4 Ways to Fight the Loneliness of Working From Home

Working from home is convenient and comfortable, but it can also get a little lonely when you’re by yourself day in and day out. More and more people have adapted to working from home over the last years. Recent studies found that loneliness is the biggest challenge remote workers are facing. Feeling isolated and alone can produce serious negative consequences on your emotional health, your productivity, and team performance. For many, it’s hard to talk about this topic or feel ashamed. Read here how to prevent and overcome remote work and work from home loneliness.

 

How to prevent and overcome loneliness

 

1) Work one day outside your home

A co-working space, a coffee shop, a local library, or a friend’s place could be a great solution to fighting feelings of isolation. If you have a friend who also works remotely, bring them along with you so you can work together. Your working from home setup could be ergonomically better but don’t forget that you can take a laptop riser, external keyboard, and mouse everywhere. Even if you aren’t speaking to many of the other people, you might find that the simple act of getting out of the house helps you feel like you’re a part of something. Working from home doesn’t mean you have to stay in your room the whole time.

 

2) Make plans after work when you’re feeling isolated.

Make plans with friends or family members during the week when you’re feeling lonelier than usual. Remember that there are fewer happier days than others and this is also okay. When you have plans after work, this forces you to stop working at the end of your workday to not become overworked or burnt out.

 

3) Take advantage of your flexible schedule during the day

Be kind to yourself and treat yourself sometimes. Take advantage of the flexibility your schedule allows to build in time for extra friends or family. Most people work longer hours when they are working from home. Sometimes it’s nice to close your laptop 30 minutes earlier and go out of the house.

 

4) Hey Google, play Spotify

Studies have shown that music has a positive effect on efficiency, creativity, and happiness. Being alone with your own thoughts can be annoying and things could go south really fast. Create your own Spotify plays list or have a look below for some inspiration.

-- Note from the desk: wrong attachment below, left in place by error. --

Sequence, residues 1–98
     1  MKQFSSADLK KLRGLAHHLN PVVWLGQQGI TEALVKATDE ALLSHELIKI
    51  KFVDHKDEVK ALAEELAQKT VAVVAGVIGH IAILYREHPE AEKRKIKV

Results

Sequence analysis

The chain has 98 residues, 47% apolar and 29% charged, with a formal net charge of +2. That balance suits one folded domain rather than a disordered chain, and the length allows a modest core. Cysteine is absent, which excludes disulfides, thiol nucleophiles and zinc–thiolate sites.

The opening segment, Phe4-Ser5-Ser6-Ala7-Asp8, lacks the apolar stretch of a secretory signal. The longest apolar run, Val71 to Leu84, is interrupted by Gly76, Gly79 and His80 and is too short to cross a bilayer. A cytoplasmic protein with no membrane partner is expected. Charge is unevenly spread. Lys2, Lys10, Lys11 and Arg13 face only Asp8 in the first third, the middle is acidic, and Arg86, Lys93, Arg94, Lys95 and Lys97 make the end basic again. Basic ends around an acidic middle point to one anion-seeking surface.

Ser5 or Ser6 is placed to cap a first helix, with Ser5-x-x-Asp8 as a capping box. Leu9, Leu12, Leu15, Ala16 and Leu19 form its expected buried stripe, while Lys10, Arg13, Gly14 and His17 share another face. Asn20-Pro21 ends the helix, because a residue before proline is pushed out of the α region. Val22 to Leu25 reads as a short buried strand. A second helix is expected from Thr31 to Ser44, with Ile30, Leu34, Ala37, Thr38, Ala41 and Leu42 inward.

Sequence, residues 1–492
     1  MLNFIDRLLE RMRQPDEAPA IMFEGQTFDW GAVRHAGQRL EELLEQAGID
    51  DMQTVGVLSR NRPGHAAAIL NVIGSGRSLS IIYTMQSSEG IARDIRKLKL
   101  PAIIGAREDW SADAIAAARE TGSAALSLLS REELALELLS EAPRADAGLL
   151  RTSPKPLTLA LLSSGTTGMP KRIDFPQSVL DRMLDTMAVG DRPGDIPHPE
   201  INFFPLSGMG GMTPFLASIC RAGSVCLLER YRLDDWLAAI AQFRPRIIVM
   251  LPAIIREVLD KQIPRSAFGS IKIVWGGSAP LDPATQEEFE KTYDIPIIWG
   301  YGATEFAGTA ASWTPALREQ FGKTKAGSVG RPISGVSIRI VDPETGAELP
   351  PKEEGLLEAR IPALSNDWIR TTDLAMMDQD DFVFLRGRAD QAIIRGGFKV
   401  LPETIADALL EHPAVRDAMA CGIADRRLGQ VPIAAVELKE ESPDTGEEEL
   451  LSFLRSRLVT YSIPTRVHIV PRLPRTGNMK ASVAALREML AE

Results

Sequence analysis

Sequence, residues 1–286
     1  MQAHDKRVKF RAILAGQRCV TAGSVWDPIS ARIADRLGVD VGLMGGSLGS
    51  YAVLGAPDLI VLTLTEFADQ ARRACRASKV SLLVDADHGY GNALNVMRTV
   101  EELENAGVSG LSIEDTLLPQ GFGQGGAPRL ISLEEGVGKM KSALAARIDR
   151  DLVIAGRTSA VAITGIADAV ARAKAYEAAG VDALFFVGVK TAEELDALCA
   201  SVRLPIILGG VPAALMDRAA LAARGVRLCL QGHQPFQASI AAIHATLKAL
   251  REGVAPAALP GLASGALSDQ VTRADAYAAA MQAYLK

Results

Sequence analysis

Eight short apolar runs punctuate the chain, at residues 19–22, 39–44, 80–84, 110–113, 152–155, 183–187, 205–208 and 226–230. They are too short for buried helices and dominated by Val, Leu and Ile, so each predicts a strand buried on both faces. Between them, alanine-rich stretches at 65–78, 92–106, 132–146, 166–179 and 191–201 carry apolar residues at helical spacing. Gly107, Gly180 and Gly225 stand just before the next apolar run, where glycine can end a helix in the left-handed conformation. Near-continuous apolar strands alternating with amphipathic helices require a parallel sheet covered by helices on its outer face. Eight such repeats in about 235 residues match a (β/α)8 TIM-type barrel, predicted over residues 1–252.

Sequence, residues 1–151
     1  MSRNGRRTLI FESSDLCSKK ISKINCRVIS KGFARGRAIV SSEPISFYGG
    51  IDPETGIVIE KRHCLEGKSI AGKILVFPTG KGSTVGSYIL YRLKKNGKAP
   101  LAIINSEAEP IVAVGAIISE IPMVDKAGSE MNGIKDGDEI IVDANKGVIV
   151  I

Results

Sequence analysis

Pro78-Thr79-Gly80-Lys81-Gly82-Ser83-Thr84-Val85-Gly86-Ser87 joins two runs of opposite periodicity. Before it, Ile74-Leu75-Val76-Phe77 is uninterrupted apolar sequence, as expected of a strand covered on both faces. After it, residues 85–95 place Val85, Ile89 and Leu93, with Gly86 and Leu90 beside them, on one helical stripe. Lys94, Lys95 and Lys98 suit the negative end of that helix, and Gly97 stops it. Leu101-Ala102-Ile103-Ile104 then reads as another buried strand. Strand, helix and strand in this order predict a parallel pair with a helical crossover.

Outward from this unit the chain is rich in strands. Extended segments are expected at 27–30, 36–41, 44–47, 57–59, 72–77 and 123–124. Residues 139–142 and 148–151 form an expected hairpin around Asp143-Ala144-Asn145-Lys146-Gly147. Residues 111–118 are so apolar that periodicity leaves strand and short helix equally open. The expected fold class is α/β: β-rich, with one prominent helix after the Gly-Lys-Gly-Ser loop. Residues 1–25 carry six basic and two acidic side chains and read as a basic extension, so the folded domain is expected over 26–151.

We found some great playlists on Spotify:

 

Look out at each other!

 

Remember to pay attention to your colleagues. Spotting signals from colleagues are watching for changes in work-related behavior such as anger, irritation, or an increase in sick days. Is someone quieter and contributing less than usual? Video conferencing allows us to see someone’s non-verbal body language without being caught in person, so check in with each other while you’re online with them. Are they less productive or do they make stupid mistakes and fail to meet deadlines, which is out of the question? character? If they confide in you, make it clear that everything they tell you is in confidence and that you are there to support them. Ask how they are doing and check in with each other. Be compassionate: assess their experience, acknowledge their suffering, and make a plan to reduce their loneliness.

 

How can Fit for Work help?

 

To learn more about setting up or managing an ergonomics program that supports staff working from home or in the office or support with staying legally compliant, you can reach out to Fit for Work at info@fitforworksg.com. For more information on our Ergonomics Self-Assessment and Education Tool, visit www.deskeval.com

 

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